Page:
Tracey Lebedovich: I was excited to be brought on to this project with the talented National Film Board of Canada crew in order to help bring Evie’s story to life in a unique way. We wanted to find a new approach to digital storytelling, to present the story in an unexpected way and in a format that could help put people directly into Evie’s “shoes”. After researching online and in-store fashion and shoe brands, it became clear to us how the vast majority of stores still force a decision of boy/girl or man/woman upon their visitors right off the bat. What about those who don’t fit neatly into those labels? And what makes an article of clothing or style of shoe belong to one group and not the other? Gender labels and assumptions are so ingrained into our culture that they are often overlooked and rarely questioned. We were excited to be able to tell Evie’s story in a way that subverts these norms and allows people to take a deeper look into the way things are the way they are. Evie’s storytelling is personal and real and I was thrilled to be a part of introducing this story to a wider audience. It was also very fun to create a new brand from scratch — from naming, to logo, through to the brand look & feel and website.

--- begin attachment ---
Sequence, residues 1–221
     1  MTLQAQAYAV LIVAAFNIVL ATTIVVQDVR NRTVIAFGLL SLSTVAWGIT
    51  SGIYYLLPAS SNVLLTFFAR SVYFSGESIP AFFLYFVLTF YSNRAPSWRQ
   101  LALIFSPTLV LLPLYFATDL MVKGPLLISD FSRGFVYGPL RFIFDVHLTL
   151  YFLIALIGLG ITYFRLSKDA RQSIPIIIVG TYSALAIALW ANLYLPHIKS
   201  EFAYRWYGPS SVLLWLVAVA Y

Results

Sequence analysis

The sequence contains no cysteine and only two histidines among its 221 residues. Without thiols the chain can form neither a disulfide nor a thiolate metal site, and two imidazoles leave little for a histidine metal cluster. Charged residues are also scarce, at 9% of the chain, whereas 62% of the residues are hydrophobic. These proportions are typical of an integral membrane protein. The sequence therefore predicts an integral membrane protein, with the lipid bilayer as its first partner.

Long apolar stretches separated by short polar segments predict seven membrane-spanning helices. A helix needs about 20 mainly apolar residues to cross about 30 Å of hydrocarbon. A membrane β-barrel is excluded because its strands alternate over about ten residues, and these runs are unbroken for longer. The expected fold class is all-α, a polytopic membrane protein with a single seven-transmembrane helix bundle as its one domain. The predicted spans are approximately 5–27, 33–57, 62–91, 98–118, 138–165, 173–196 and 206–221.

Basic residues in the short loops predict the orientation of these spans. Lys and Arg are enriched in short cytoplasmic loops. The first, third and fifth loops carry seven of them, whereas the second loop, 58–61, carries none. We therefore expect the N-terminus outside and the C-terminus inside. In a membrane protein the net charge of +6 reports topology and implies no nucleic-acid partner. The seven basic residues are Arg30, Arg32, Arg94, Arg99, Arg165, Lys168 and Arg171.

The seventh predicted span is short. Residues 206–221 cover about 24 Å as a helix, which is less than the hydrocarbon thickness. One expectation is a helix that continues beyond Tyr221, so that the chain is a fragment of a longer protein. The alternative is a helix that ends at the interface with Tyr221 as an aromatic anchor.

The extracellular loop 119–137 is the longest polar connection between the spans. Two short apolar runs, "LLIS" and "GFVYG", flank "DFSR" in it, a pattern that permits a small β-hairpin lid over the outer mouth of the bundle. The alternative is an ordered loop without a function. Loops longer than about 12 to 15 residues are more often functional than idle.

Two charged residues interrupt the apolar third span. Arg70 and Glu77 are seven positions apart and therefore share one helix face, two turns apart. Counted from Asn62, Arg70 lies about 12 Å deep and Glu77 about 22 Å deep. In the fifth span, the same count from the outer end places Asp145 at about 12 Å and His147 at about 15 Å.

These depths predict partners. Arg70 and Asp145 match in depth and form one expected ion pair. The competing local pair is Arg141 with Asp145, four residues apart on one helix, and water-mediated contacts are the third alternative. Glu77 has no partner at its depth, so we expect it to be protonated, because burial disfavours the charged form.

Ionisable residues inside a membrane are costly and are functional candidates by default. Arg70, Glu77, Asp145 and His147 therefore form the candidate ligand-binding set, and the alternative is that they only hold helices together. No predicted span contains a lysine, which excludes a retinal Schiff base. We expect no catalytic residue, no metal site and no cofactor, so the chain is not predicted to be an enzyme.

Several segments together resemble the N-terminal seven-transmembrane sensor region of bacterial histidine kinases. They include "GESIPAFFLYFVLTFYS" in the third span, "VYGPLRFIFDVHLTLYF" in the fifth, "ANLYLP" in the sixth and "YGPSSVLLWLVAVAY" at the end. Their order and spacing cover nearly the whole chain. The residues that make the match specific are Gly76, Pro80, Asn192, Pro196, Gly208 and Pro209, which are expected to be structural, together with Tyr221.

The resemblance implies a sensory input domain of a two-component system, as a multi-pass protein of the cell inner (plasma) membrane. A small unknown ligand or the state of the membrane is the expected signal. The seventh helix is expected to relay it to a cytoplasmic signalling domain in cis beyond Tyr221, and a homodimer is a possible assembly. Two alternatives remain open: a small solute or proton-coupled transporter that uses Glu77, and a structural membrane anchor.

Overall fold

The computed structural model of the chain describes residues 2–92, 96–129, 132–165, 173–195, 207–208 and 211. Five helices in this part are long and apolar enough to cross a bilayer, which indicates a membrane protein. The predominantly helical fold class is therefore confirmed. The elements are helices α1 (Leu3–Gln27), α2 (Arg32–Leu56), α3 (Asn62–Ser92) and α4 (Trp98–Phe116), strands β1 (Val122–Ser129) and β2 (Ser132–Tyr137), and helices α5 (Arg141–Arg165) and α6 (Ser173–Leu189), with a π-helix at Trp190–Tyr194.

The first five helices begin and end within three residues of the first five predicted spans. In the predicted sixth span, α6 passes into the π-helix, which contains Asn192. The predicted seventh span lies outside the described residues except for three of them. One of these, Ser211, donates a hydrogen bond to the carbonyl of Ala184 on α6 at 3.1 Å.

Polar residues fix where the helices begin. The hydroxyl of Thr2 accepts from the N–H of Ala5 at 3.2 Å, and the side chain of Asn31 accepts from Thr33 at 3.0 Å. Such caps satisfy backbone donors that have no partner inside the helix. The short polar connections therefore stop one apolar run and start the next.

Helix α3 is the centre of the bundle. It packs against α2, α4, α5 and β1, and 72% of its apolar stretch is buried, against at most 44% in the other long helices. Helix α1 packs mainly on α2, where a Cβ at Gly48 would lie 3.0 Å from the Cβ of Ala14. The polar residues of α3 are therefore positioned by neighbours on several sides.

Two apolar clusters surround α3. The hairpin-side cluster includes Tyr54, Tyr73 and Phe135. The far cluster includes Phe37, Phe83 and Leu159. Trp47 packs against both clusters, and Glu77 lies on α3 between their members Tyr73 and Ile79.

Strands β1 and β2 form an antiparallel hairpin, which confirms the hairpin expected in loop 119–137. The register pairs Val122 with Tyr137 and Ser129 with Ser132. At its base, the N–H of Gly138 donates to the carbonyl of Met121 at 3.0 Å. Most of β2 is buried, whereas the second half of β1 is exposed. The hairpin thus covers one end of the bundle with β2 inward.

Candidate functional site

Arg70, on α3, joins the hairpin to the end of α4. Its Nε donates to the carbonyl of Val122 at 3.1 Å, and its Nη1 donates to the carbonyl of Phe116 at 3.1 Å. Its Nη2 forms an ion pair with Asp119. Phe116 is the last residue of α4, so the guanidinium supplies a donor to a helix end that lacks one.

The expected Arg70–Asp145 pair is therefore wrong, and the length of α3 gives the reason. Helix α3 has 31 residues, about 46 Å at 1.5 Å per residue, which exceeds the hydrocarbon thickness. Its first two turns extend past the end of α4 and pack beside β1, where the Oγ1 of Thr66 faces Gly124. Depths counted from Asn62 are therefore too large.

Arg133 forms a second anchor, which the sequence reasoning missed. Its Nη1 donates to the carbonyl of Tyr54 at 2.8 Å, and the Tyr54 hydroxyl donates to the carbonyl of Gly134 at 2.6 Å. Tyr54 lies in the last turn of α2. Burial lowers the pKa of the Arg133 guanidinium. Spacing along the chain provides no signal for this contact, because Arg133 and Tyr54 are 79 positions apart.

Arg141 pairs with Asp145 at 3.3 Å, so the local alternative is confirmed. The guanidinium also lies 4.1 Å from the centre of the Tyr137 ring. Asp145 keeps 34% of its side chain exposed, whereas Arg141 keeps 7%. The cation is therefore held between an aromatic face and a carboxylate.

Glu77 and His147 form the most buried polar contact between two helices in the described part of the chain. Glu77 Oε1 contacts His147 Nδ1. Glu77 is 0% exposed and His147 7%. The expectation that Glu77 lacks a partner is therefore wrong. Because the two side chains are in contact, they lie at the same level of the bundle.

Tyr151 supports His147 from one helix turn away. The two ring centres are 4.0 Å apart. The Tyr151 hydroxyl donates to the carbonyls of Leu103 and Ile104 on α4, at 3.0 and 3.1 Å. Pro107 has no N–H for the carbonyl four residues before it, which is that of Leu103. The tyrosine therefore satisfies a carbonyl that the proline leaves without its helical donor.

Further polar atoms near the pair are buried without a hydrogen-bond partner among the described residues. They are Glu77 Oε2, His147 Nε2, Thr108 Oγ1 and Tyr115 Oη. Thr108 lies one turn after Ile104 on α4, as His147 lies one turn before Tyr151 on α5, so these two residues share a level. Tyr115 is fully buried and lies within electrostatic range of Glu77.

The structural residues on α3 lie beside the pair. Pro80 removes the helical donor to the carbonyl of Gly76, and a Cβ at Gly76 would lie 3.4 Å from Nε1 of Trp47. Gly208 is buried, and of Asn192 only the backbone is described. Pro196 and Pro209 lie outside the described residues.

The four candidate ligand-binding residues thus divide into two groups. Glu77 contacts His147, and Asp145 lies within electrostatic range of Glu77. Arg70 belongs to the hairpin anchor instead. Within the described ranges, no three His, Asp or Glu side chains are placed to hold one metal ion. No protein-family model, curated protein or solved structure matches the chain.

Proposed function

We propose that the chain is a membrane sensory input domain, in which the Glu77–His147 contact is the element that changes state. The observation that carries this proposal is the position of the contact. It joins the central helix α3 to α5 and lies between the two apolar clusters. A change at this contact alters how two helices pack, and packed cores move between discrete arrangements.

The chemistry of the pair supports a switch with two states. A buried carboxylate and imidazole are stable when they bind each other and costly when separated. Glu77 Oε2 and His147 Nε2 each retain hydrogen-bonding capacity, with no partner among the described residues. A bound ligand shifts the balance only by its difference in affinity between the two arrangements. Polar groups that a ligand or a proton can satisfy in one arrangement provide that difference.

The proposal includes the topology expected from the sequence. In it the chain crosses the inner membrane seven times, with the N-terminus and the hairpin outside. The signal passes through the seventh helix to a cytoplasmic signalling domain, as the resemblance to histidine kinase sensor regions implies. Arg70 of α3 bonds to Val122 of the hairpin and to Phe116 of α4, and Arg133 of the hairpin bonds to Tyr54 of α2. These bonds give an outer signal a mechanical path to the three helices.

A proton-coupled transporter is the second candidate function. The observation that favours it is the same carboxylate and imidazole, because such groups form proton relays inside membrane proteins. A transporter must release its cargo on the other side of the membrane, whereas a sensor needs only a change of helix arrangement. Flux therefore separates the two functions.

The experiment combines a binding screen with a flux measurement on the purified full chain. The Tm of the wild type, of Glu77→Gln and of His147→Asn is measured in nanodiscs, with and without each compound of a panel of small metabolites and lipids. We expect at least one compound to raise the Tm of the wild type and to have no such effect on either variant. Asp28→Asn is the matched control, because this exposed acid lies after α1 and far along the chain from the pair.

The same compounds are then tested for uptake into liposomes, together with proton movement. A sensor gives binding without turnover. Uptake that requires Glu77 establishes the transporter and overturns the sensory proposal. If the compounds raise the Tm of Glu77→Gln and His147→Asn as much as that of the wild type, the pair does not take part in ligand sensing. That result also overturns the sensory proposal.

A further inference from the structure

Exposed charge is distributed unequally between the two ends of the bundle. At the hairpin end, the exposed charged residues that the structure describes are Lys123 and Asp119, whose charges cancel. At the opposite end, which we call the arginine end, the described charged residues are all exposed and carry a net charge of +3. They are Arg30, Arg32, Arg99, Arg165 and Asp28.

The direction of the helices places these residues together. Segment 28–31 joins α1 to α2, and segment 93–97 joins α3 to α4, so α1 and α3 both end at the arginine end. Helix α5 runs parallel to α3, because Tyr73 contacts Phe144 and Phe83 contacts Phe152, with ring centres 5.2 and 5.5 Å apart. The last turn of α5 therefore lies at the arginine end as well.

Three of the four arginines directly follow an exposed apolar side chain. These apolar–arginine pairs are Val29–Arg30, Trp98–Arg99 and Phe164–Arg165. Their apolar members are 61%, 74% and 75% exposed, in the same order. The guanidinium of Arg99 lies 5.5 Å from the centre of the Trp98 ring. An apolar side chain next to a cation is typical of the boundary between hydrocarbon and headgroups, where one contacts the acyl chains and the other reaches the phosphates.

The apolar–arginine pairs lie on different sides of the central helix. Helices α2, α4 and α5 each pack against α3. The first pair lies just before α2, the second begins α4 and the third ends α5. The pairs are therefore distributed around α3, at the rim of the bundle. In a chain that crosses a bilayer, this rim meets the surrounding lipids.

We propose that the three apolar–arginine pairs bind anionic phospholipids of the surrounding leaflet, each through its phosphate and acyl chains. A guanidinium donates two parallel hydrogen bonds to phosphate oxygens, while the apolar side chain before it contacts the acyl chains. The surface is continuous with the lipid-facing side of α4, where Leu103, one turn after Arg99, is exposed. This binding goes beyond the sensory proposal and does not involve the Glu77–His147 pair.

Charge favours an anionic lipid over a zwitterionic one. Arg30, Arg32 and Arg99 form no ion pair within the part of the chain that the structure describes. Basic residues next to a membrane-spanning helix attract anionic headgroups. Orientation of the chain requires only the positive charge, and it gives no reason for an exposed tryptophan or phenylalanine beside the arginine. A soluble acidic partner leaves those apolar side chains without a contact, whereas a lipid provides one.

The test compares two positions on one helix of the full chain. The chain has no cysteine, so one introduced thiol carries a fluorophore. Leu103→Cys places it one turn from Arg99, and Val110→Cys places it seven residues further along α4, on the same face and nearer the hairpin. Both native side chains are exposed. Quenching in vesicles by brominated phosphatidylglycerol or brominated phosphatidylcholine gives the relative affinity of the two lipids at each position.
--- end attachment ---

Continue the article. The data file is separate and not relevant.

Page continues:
What were you surprised to learn as you were making it?
Evie: I had initially started with the idea of laying out my shoes from over the years to show the progression of my gender identity. This idea surprisingly evolved into presenting my story as an online shoe store with a twist. When we began the project, we didn’t foresee it taking this shape, so arriving at the final format was a nice surprise. I was also surprised by the number of people who told me they had wanted to buy the shoes, even though it was clear they weren’t really for sale!